Linux is center of many cloud operations: Google and Facebook started building their own gear and loading it with their own software. Google has it’s own Linux called gLinux. Facebook networking uses Linux-based FBOSS operating system. Even Microsoft has developed its own Linux for cloud operations. Software-defined networking (SDN) is a very fine idea.
Memory business boomed in 2017 for both NAND and DRAM. The drivers for DRAM are smartphones and servers. Solid-state drives (SSDs) and smartphones are fueling the demand for NAND. NAND Market Expected to Cool in Q1 from the crazy year 2017, but it is still growing well because there is increasing demand. Memory — particular DRAM — was largely considered a commodity business.
Lots of 3D NAND will go to solid state drives in 2018. IDC forecasts strong growth for the solid-state drive (SSD) industry as it transitions to 3D NAND. SSD industry revenue is expected to reach $33.6 billion in 2021, growing at a CAGR of 14.8%. Sizes of memory chips increase as number of layer in 3D NAND are added. The traditional mechanical hard disk based on magnetic storage is in hard place in competition, as the speed of flash-based SSDs is so superior
There is search for faster memory because modern computers, especially data-center servers that skew heavily toward in-memory databases, data-intensive analytics, and increasingly toward machine-learning and deep-neural-network training functions, depend on large amounts of high-speed, high capacity memory to keep the wheels turning. The memory speed has not increased as fast as the capacity. The access bandwidth of DRAM-based computer memory has improved by a factor of 20x over the past two decades. Capacity increased 128x during the same period. For year 2018 DRAM remains a near-universal choice when performance is the priority. There is search going on for a viable replacement for DRAM. Whether it’s STT-RAM or phase-change memory or resistive RAM, none of them can match the speed or endurance of DRAM.
PCI Express 4.0 is ramping up. PCI-standards consortium PCI-SIG (Special Interest Group) has ratified and released specifications for PCIe 4.0 Specification Version 1. Doubling PCIe 3.0’s 8 GT/s (~1 GB/s) of bandwidth per lane, PCIe 4.0 offers a transfer rate of 16 GT/s. The newest version of PCI Express will start appearing on motherboards soon. PCI-SIG has targeted Q2 2019 for releasing the finalized PCIe 5.0 specification, so PCIe 4.0 won’t be quite as long-lived as PCIe 3.0 has been. So we’ll See PCIe 4.0 this year in use and PCIe 5.0 in 2019.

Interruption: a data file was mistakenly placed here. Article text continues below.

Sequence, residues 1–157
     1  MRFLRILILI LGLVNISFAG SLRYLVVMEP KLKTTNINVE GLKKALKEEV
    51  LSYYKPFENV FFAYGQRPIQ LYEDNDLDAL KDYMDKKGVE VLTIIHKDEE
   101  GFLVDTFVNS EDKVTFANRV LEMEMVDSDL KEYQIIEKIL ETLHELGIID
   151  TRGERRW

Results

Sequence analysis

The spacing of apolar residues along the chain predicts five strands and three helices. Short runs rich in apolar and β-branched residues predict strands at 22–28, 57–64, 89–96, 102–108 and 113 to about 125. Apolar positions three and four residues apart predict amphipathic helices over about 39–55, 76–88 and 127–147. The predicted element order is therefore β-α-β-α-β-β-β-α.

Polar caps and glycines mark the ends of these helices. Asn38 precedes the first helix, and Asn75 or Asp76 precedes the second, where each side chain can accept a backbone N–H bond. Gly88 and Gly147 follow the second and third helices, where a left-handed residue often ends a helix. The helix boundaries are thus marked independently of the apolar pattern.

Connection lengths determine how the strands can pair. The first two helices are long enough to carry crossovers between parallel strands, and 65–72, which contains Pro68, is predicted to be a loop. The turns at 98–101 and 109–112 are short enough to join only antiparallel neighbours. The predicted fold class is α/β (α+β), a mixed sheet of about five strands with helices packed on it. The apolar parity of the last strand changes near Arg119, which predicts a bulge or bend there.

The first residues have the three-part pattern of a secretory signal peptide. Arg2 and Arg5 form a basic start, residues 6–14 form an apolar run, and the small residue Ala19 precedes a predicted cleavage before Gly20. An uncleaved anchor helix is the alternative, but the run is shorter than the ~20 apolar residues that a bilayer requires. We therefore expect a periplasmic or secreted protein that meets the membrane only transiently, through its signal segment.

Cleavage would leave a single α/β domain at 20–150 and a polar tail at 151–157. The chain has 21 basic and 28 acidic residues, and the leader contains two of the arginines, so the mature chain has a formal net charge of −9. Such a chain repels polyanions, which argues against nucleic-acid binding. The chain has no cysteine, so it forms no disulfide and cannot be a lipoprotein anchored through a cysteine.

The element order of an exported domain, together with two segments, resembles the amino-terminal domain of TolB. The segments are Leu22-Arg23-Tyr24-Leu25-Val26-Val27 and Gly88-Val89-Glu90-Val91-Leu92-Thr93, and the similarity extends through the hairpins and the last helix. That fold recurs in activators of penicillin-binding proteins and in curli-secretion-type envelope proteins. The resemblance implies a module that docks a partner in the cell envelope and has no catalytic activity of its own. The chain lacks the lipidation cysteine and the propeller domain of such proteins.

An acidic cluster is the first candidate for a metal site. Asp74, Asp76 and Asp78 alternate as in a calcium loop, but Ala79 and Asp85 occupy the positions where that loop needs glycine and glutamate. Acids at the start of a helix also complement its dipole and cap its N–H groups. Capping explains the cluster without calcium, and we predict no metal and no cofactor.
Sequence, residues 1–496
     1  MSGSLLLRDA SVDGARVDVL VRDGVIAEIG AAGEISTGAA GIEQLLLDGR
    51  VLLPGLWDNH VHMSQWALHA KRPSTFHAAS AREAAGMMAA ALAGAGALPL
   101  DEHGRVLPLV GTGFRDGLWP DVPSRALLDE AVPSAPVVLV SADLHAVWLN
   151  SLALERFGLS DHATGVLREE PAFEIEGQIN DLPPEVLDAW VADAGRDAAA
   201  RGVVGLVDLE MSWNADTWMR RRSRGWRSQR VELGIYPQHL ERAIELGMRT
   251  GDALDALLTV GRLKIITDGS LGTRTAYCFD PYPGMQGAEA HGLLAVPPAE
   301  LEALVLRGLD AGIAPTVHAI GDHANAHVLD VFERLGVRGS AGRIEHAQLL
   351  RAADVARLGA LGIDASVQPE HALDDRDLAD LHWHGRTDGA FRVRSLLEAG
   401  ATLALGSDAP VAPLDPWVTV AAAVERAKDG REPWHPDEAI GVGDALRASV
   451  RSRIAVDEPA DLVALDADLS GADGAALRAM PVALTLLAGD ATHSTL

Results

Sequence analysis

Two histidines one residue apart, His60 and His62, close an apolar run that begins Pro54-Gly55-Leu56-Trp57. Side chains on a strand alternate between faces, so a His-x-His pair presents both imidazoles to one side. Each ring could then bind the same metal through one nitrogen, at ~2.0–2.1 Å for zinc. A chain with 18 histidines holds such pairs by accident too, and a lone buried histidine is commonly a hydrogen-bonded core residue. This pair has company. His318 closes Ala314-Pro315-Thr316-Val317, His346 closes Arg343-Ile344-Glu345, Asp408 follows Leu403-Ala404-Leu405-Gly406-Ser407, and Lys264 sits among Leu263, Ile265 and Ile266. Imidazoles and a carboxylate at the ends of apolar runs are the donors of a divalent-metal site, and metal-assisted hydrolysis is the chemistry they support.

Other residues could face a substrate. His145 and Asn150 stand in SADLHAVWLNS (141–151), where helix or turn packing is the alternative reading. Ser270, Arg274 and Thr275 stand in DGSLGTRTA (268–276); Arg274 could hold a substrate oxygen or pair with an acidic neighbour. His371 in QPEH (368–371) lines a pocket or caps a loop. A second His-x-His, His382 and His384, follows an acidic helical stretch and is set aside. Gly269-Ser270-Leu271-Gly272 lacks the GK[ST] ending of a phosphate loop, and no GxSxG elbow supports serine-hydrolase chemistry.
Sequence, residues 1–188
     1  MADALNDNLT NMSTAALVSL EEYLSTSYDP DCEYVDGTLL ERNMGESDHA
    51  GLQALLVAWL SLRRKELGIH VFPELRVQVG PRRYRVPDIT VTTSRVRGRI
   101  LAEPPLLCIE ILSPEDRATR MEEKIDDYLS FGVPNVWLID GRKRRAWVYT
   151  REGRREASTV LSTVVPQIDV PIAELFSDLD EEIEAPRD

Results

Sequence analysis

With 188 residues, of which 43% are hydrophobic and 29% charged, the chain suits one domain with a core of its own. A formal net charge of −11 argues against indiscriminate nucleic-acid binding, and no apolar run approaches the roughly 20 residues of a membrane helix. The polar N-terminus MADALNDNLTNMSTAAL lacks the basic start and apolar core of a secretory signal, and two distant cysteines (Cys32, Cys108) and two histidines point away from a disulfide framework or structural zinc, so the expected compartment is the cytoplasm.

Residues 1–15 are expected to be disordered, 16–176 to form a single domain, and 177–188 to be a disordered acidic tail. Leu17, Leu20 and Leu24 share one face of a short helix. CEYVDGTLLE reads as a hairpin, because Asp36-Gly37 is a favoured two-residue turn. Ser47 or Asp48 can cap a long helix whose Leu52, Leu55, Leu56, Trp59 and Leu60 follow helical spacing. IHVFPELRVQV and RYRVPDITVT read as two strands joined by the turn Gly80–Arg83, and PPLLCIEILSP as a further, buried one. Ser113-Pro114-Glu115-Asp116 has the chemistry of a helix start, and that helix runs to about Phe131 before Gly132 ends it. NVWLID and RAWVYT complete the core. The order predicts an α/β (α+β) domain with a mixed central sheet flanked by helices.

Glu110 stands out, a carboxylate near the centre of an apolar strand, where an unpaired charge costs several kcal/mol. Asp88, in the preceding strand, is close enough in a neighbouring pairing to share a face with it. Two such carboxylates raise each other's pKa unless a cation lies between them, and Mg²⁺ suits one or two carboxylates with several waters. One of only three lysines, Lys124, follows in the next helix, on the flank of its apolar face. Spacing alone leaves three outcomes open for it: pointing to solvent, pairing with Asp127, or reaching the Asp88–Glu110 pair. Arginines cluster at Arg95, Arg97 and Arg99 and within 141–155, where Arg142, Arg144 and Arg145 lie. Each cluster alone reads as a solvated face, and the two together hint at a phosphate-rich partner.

USB type C is on the way to becoming the most common PC and peripheral interface. The USB C connector has become faster more commonplace than any other earlier interface. USB C is very common on smartphones, but the interface is also widespread on laptops. Sure, it will take some time before it is the most common. In 2021, the C-type USB connector has almost five billion units, IHS estimates.
It seems that the after-shocks of Meltdown/Spectre vulnerabilities on processors will be haunting us for quite long time this year. It is now three weeks since The Register revealed the chip design flaws that Google later confirmed and the world still awaits certainty about what it will take to get over the silicon slip-ups. Last pieces of farce has been that Intel Halts Spectre, Meltdown CPU Patches Over Unstable Code and Linux creator Linus Torvalds criticises Intel’s ‘garbage’ patches. Computer security will not be the same after all this has been sorted out.
What’s Next With Computing? IBM discusses AI, neural nets and quantum computing. Many can agree that those technologies will be important. Public cloud providers increasingly provide sophisticated flavours of data analysis and increasingly Machine Learning (ML) and Artificial Intelligence (AI). Central Banks Are Using Big Data to Help Shape Policy. Over the past few years, machine learning (ML) has evolved from an interesting new approach that allows computers to beat champions at chess and Go, into one that is touted as a panacea for almost everything. 2018 will be the start of what could be a longstanding battle between chipmakers to determine who creates the hardware that artificial intelligence lives on.
ARM processor based PCs are coming. As Microsoft and Qualcomm jointly announced in early December that the first Windows 10 notebooks with ARM-based Snapdragon 835 processors will be officially launched in early 2018, there will be more and more PCs with ARM processor architecture hitting the market. Digitimes Research expects that ARM-based models may dominate lower-end PC market, but don’t hold your breath on this. It is rumoured that “wireless LTE connectivity” function will be incorporated into all the entry-level Window 10 notebooks with ARM processors, branded by Microsoft as the “always-connected devices.” HP and Asustek have released some ARM-based notebooks with Windows 10S.